Psychological Self-Help

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bookstores were discussed earlier in the chapter, but their
effectiveness could be radically improved 
A recent American Psychological Association task force said
"prevention programs" are frequently effective and should be
evaluated and expanded (Price, Cowen, Lorion, & Ramos-McKay,
1989). Prevention usually involves education about alcohol, drugs,
unwanted pregnancy, poor health, etc., but it could be extended to
many problems. It is also estimated that 7 to 15 million Americans
were in almost 1 million self-help groups in 1990 (Riordan & Beggs,
1987; Jacobs & Goodman, 1989) and that such groups have become a
major source of help with mental health problems in the late 1990's.
Psychology is being given away to adults, but not primarily by
psychologists. Helpful psychology is being talked about and used
because the people want it, need it, enjoy it, and, probably, profit from
it. Burnham (1987) has warned the discipline of psychology, however,
to take more seriously the task of "giving useful psychology away to
the ordinary person;" otherwise, the major uses of psychology may fall
into the hands of lesser qualified journalists, talk show hosts, and TV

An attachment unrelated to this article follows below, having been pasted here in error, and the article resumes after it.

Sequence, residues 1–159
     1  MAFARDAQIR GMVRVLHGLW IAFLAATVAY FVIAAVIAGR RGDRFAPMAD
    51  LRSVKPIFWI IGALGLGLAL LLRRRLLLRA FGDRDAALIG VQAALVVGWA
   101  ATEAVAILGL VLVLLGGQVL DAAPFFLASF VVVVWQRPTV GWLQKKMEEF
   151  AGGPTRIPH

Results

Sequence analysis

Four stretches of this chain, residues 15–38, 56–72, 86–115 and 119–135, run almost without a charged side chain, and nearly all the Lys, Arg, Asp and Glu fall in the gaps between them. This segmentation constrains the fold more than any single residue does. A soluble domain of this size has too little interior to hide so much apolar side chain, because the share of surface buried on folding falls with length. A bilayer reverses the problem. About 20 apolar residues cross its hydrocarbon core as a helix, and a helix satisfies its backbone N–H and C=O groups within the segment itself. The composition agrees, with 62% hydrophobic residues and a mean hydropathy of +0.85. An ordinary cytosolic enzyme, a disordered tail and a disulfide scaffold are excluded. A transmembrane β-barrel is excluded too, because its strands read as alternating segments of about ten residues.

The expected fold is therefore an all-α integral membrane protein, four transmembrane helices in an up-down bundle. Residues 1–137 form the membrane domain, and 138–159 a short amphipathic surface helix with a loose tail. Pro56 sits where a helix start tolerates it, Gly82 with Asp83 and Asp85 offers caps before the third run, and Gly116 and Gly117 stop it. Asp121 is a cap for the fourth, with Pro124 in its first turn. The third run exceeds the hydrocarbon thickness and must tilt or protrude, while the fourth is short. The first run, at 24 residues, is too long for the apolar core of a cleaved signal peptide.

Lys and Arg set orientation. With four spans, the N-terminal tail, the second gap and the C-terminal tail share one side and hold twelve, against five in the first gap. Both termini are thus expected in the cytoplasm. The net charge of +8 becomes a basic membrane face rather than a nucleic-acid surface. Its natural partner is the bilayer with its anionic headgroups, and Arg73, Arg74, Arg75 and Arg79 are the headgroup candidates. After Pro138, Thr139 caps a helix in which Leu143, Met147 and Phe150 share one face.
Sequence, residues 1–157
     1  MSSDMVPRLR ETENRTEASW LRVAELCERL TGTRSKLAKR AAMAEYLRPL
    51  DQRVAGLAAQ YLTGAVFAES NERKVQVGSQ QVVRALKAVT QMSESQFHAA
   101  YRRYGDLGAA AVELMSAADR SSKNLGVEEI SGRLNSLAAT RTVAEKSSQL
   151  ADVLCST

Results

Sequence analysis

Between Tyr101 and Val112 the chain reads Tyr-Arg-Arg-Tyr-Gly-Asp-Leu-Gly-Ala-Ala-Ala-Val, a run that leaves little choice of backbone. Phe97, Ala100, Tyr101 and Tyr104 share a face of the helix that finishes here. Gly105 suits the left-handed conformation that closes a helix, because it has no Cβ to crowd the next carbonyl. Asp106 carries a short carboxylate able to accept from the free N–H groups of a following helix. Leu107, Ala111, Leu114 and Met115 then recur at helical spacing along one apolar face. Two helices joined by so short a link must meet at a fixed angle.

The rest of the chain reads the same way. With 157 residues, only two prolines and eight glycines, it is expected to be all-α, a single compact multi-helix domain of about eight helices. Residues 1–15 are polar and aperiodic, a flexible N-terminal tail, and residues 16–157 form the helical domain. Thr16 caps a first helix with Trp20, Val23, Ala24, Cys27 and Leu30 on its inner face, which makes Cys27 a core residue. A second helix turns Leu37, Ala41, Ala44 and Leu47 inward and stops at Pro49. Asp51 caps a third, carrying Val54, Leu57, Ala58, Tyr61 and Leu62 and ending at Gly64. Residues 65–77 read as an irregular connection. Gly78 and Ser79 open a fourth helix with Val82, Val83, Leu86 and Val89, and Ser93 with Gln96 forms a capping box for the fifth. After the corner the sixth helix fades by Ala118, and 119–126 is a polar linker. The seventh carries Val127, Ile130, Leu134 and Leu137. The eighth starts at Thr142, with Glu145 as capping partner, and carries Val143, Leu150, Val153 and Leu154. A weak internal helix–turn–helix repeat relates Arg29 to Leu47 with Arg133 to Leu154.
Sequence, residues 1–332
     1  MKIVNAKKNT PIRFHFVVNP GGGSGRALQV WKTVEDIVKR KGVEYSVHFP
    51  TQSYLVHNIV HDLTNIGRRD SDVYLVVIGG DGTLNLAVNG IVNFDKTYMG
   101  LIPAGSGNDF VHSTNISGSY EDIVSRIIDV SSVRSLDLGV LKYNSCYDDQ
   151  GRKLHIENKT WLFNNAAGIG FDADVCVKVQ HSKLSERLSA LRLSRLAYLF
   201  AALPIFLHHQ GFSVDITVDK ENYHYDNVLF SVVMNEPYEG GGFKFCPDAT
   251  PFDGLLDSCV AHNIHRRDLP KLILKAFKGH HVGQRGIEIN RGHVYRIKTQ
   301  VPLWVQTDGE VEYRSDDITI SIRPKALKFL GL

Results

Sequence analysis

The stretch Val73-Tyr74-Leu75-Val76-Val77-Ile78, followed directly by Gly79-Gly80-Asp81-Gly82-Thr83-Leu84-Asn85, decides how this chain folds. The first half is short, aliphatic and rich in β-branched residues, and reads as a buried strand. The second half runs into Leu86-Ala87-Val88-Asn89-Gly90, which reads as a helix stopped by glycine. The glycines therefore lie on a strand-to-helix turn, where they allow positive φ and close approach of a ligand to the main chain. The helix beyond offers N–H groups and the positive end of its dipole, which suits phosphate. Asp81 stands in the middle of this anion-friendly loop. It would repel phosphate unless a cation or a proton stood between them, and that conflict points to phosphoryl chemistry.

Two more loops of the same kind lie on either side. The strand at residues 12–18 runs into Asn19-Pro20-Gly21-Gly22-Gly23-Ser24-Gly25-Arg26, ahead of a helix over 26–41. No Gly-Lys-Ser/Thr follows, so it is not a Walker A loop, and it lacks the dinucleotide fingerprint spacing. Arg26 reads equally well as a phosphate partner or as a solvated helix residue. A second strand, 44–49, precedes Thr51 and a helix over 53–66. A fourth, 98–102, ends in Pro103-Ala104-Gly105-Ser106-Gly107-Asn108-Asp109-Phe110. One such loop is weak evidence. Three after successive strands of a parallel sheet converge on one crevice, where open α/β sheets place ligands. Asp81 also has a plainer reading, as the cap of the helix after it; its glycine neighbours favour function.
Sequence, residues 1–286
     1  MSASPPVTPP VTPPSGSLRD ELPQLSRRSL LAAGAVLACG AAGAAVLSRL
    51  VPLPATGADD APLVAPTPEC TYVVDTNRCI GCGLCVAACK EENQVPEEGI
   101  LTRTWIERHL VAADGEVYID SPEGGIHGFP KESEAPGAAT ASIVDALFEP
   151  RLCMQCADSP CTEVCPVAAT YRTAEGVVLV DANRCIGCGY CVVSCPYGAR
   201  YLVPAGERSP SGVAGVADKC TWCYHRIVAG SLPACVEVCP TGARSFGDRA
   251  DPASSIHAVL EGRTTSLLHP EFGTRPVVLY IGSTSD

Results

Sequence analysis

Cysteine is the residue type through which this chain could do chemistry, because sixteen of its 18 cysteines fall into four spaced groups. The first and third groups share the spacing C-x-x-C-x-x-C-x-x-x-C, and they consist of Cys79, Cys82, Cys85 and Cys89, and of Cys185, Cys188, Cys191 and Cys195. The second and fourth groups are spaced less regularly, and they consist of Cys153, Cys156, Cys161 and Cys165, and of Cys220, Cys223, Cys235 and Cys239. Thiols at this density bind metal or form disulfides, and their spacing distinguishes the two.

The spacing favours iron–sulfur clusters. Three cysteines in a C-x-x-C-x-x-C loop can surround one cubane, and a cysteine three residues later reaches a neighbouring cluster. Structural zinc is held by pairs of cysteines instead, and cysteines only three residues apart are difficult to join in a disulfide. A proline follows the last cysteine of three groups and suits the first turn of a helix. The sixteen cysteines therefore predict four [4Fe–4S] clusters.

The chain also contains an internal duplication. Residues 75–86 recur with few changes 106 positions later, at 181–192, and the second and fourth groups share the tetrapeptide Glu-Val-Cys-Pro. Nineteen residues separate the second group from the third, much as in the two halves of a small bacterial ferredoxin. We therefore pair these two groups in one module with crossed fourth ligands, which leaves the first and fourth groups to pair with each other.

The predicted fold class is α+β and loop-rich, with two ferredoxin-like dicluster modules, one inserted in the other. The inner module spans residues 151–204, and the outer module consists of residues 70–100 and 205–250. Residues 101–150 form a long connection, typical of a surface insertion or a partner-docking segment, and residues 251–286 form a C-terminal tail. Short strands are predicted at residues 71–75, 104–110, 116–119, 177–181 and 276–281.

commentators. I wish my discipline would heed the warning (although
I think many people in the other disciplines are dispensing psychology
fairly well). 
If we, as a society, become serious about prevention and
psychological self-help, we must start early. We could help all children
handle problems. Ideally, every child would take a course in self-help
or interpersonal skills every semester from shortly after birth through
college--perhaps 40-50 courses, each tailored to the common
problems for their age. For instance, a course in "caring" at age 6-7, a
course in career choice at 10-12 and again at 16-18, a course in
sexual development and moral choices at puberty, a course in relating
to the opposite sex at 13-15, a course in selecting a partner at 18-20,
a course in developing a philosophy of life at 12-13 and again at 18-
20, etc. It won't be easy, but psycho-social education has tremendous
potential advantages within the public school system: 
Everyone can be reached at a young age via the educational
system; therefore, problems could ideally be prevented or
handled early. 
The amount of time available via the educational approach far
exceeds any other currently available delivery system. For
example, in just one course at the college level, students spend
approximately 150 to 200 hours working on their problems as
contrasted to an average of 5 or 7 hours in counseling centers
or perhaps the 15 to 30 hours of counseling for clients who
remains in treatment until termination. Suppose there was one
course every semester from nursery school to graduate school;
that's a total of 4,000 hours of study and application! Every
child could become much better trained than the current
psychiatrists and clinical psychologists. Why not? What else
would be more beneficial? 
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